Marawi siege
Soldiers commute on a military truck past destroyed buildings in Marawi on the southern island of Mindanao on May 23, 2019. Two years after the Philippine city of Marawi was overrun by jihadists it remains in ruins, with experts warning that stalled reconstruction efforts are bolstering the appeal of extremist groups in the volatile region.
Noel Celis/AFP
DOF: ‘Marawi bonds’ to be issued when 'cash-intensive' rehab phase starts
( - June 13, 2019 - 6:47pm

MANILA, Philippines — The Department of Finance said Thursday the government will issue the so-called Marawi bonds once building of large-scale infrastructure projects in the war-torn city starts.

In a statement, the DOF said the government is studying several features to make the Marawi bonds attractive to investors in a bid to raise more funds for the “cash-intensive phase” of the rehabilitation plan.

Several “structures” being explored by the government to lure investors include securing the approval to make the Marawi bonds eligible as alternative compliance to the Agri-Agra Reform Credit Act (Republic Act 10000), and retail bond buyers, National Treasurer Rosalia de Leon said,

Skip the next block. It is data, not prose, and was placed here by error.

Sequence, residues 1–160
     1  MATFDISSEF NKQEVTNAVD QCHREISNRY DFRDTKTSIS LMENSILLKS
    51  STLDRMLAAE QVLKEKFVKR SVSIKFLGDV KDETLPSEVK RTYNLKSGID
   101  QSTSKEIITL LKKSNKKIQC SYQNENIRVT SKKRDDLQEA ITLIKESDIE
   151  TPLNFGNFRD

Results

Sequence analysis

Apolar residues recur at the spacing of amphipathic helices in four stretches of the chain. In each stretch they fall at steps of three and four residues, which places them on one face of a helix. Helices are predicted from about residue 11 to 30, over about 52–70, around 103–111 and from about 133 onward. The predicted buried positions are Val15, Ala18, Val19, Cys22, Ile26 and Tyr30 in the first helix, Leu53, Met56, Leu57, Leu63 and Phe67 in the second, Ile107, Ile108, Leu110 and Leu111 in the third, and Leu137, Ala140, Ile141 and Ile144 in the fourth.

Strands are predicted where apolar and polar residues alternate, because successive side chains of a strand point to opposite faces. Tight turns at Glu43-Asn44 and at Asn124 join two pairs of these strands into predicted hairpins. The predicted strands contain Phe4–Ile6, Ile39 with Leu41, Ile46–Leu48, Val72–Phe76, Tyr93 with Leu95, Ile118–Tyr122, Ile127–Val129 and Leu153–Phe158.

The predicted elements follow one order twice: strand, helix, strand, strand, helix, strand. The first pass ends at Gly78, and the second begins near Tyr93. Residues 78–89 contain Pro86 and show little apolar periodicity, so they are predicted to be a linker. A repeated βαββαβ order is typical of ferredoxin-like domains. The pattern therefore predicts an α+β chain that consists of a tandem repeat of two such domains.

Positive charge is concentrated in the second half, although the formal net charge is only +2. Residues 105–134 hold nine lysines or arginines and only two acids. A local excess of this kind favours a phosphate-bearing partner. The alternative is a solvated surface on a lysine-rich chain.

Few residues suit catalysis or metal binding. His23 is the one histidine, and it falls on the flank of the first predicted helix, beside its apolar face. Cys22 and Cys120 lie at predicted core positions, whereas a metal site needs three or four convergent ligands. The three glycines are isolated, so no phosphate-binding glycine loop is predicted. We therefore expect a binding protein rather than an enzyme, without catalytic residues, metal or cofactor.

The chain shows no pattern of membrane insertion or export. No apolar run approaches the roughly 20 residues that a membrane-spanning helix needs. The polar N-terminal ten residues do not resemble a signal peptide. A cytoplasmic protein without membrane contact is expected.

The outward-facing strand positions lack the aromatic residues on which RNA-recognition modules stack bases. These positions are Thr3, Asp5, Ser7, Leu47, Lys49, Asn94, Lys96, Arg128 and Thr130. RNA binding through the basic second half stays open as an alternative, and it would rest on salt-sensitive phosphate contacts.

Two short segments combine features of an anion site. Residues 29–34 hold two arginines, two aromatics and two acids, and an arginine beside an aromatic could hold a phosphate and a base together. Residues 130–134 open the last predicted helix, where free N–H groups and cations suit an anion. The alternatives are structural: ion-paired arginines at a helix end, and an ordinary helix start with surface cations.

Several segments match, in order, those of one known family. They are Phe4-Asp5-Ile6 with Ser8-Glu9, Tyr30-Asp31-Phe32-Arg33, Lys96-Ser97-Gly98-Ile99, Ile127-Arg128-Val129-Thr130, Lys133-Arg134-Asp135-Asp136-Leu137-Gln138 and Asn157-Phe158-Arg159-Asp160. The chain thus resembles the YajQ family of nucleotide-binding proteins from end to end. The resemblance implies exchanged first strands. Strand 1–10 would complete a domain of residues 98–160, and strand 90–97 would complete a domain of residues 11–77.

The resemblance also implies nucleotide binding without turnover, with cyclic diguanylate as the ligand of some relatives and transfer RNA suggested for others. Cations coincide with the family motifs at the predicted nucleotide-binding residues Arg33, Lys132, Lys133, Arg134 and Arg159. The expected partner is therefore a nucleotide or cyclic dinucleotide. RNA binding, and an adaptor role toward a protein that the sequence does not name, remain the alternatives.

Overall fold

RA 10000 allows banks to invest a portion of their investible funds mandated to be set aside as loans for farmers, fisherfolk and other agriculture-based workers in government-listed priority programs.

“When we start getting into the bigger expenditures, then we will be issuing the Marawi bonds,” Finance Secretary Carlos Dominguez III said.

In May 2017, President Rodrigo Duterte imposed martial law across Mindanao on the day the principal Islamic city of Marawi was stormed by heavily-armed homegrown extremists who pledged allegiance to ISIS.

After five months of fighting, Duterte declared Marawi liberated from extremists. But fixing the city has been repeatedly delayed.

According to the DOF, the Philippines received a total of P35.1 billion (about $670 million) in pledges for concessional financing and grants from the international community to aid in the rehabilitation and reconstruction efforts for Marawi. 

The pledges came from the Asian Development Bank, World Bank and International Fund for Agricultural Development, as well as from the governments of Japan, China and Spain.

The United Nations and the United States, Australia, China, Germany, Japan, Korea and Spain also extended aid in the form of technical assistance and preparatory support needed to ensure the implementation of the rehabilitation and recovery program. — Ian Nicolas Cigaral

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